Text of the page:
What are the competencies that you look for in your senior team?

The only certain thing about technology is that what we use today is not what we will use tomorrow. In my senior team, I look for a mindset of flexibility, which not everyone has. In my interviews I assess the candidate’s willingness to rotate to the new and untried, while at the same time protecting our core systems.

The second competency stems from the fact that we live in a world of publicity and social media, where people are always watching what you are doing. When you live in this world, and represent your company, you need an identifiable personal brand. I’m not talking about a being a big shiny icon and writing a lot of white papers. It’s about having the confidence in who you are and communicating, in a few simple words, your unique value. My responsibility is to help people recognize their personal brand and to use it as the foundation of their confidence to lead.

What has your team delivered recently that has had a big impact on Accenture’s employees and clients?

We put out a capability called ALICE (Accenture Legal Intelligent Contract Exploration), which uses applied intelligence and machine learning for natural language processing across all of our contracts. This is critically important because at Accenture contracts are the core of everything we do. When you have a tool that allows your entire corporation — legal, finance, or anybody else — to seek out commonalities and parallel behaviors in contracts, across geographic markets and industry segments, you put power in the hand of your company to learn how to work more effectively with clients. It sounds so mundane, but it’s truly transformational for us. We are now able to look at one of our most valuable data domains in a completely different light.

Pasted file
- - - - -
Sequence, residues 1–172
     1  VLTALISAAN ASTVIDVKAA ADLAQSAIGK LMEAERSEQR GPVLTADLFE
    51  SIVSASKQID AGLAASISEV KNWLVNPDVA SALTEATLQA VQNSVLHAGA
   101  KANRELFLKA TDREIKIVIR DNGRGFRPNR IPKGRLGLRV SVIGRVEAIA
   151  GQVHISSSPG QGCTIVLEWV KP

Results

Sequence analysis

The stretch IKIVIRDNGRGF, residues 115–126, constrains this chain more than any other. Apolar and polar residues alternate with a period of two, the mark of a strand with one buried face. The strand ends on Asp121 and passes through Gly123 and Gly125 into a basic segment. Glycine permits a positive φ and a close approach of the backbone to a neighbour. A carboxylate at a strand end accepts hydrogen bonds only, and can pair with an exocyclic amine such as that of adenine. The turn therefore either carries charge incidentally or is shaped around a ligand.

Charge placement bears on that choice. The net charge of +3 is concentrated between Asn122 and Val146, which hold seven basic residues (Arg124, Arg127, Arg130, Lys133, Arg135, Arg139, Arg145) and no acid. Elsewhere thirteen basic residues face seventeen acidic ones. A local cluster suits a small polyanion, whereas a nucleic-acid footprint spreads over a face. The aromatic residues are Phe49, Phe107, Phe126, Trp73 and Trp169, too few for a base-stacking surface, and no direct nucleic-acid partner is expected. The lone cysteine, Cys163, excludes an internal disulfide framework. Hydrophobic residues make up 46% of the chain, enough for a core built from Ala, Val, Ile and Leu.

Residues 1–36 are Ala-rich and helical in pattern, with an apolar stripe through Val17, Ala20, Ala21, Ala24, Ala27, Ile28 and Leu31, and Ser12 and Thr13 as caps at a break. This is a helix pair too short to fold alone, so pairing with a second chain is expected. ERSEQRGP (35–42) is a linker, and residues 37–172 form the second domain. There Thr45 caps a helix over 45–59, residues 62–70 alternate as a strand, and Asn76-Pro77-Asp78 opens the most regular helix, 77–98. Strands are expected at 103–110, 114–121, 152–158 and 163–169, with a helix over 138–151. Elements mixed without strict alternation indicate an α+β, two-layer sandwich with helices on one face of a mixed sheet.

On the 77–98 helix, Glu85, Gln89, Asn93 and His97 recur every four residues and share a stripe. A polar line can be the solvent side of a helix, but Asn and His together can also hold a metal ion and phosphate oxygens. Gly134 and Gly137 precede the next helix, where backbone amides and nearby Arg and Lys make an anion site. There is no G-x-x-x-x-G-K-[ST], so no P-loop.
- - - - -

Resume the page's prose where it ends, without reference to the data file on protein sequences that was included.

What would you call out as key to your ability to deliver ALICE?

ALICE was born because our business and IT leaders at all levels, top to bottom, got in a room and asked, “How can we fundamentally change how our company experiences this data domain?” We started with a blank sheet and ideated ALICE together. I did not have to fight upstream for any of it; we were all committed to getting it done. Christina Demetriades, general counsel for Europe and our key sponsor, was amazing in her storytelling about why we needed this solution. That partnership made all the difference in being able to get it to market rapidly.

In addition to crafting a personal brand, what is your advice to future CIOs?

First, always train yourself to be relentlessly intellectually curious. Technology changes so fast that you cannot be an expert in everything, but you should have an informed opinion about emerging technologies. No one will tell you the answer. You have to find it through constant curiosity. Build that habit now.

Second, allow the experience of COVID to change how you relate to your colleagues. COVID has taught us to be truly human. When you have a call with a business partner and a kid in a diaper runs through the room, it is hard to maintain the formal facade of our pre-COVID days. Up-and-comers need to think about how to embrace that truly human interface. It has made a world of difference to the quality of relationships that I have been able to build with my own team and business sponsors.